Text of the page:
«We try to work on human relations, as peace on paper does not mean anything», - Dr Shlomo Fischer

2021-11-22 09:00

The webinar, held on November 11, was the segment about the experience of Israel. The idea of organizing such seminars is to look at the conflict in Ukraine through the lenses of similar conflicts in other countries, that we could stand away from our situation and take a look at how other nations solved these situations. The project is launched by the Institute of Ecumenical Studies in partnership with the Kharkiv office of the Konrad Adenauer Stiftung in Ukraine and international research partners.

The Oslo Accords failed

The speaker Dr Shlomo Fischer, sociologist and senior fellow at the Jewish People Policy Institute in Jerusalem (JPPI), initially he presented the background situation with peacebuilding in the conflict between Israel and Palestine. “In 1993 we had negotiations, the Oslo Accords – it was the initiative of the Israeli side, but it failed. Later we had another attempt in September 2000. Actually, we had a major initiative, that people have been hoped for since 1970s – and that came to a fail in 2000s. Although there are people who support peace, but there are no secular initiatives in play at this point. That is in part because of the government which are in power for twelve years. But more of that this is also because of the loss of confidence on behalf of the Israeli population and Palestinian public. So, we have now a sort of co-existence.”

What were the principles of the Oslo Accords? The intrinsic part of the Oslo process, this secular peacebuilding process, was that you make an agreement between the states. The peace agreement means that a state is a permanent piece of thing. As there exists a Palestinian state, then inevitable there will be a division.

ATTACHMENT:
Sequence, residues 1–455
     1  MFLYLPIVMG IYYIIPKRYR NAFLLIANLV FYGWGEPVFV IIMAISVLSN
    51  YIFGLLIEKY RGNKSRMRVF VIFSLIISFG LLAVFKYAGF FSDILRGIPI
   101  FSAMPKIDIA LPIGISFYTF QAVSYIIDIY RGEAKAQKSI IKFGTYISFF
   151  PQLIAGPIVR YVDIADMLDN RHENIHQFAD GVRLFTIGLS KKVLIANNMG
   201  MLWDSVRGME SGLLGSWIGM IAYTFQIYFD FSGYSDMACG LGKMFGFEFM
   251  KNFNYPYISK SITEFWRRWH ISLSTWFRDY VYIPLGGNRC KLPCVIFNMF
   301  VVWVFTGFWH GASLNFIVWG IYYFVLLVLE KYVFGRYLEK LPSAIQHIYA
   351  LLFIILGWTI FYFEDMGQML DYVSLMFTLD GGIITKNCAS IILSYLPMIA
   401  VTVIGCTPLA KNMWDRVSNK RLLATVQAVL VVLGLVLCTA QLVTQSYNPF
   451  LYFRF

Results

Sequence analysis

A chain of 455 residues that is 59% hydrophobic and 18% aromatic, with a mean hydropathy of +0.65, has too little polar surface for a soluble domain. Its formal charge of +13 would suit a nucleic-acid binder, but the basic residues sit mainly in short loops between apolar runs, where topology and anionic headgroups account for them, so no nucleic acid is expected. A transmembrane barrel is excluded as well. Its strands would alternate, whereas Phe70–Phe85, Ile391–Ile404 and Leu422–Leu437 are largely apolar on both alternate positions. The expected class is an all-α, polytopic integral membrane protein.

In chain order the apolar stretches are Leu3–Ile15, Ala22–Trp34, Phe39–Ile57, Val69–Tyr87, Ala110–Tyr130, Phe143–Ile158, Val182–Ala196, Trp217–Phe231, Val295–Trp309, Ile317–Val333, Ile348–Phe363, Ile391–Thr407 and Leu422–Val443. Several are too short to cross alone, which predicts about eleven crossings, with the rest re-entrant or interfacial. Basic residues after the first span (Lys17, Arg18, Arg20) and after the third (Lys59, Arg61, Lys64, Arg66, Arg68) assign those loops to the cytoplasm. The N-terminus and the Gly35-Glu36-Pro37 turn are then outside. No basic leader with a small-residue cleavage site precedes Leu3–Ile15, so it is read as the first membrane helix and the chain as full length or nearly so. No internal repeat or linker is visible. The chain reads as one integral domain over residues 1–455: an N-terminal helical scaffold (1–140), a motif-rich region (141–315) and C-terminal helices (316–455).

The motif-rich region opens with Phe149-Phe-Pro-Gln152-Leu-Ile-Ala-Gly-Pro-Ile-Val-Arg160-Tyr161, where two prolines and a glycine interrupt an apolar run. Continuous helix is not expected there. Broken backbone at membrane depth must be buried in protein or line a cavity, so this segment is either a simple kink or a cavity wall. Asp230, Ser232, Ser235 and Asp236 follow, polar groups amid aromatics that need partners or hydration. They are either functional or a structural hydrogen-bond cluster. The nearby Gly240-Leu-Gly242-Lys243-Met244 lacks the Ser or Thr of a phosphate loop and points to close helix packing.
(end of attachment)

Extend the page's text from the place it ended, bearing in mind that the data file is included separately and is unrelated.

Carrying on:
The peace treaty means that a state is a stable entity. As there exists a Palestinian state, there will inevitably be a division.

On the discourse of peace between Israel and Palestine – Dr Shlomo Fischer

• The idea is that what we want to do is to somehow live together with the Palestinians. The fundamental metaphor – is a metaphor of a marriage: we are together in this situation, neither of us is going away, we both belong here, and hence we have to make it work, to launch a dialogue. This approach is very practical, non-messianic. We try to work on human relations, as peace on paper does not mean anything.

• Simultaneous truth of both conflicting narratives – Jewish religious and Palestinian. These both narratives contradict each other, at the same time two narratives are true. Because God is paradoxical, life is paradoxical, in God all things are possible, we are reaching a miraculous way of living together. The relativity of truth and paradox of simultaneous truth of two contradicting things.

• The dialogue with the Other and the antitriumphalism. In the Israeli conflict the antitriumphalistic theology says that the Israeli state – is not return or redemption. As divine ideals are not fulfilled. God in his power and infinity can not be accomplished into one religion. We have to engage in dialogue with other religions, to open the other sides of truth for us. This is part for the basis of the dialogue with Islam, Muslim figures.

• The idea of one territory for two states. This contradicts everything in European history. Since 1648 we cannot have two states on one territory. This contradicts the idea of state formation. But everything is based on the thought that we can have two conflicting narratives, which are true at the same time.

• Religiously inspired peace is miraculous and paradoxical. This imposes an anathema on the secular understanding of peace. On the other hand, people “on the ground”, are actually engaged in dialogue, they share meals, they share hospitality with local Muslims, the representatives of the Muslim people. It means that all this miraculous staff is true.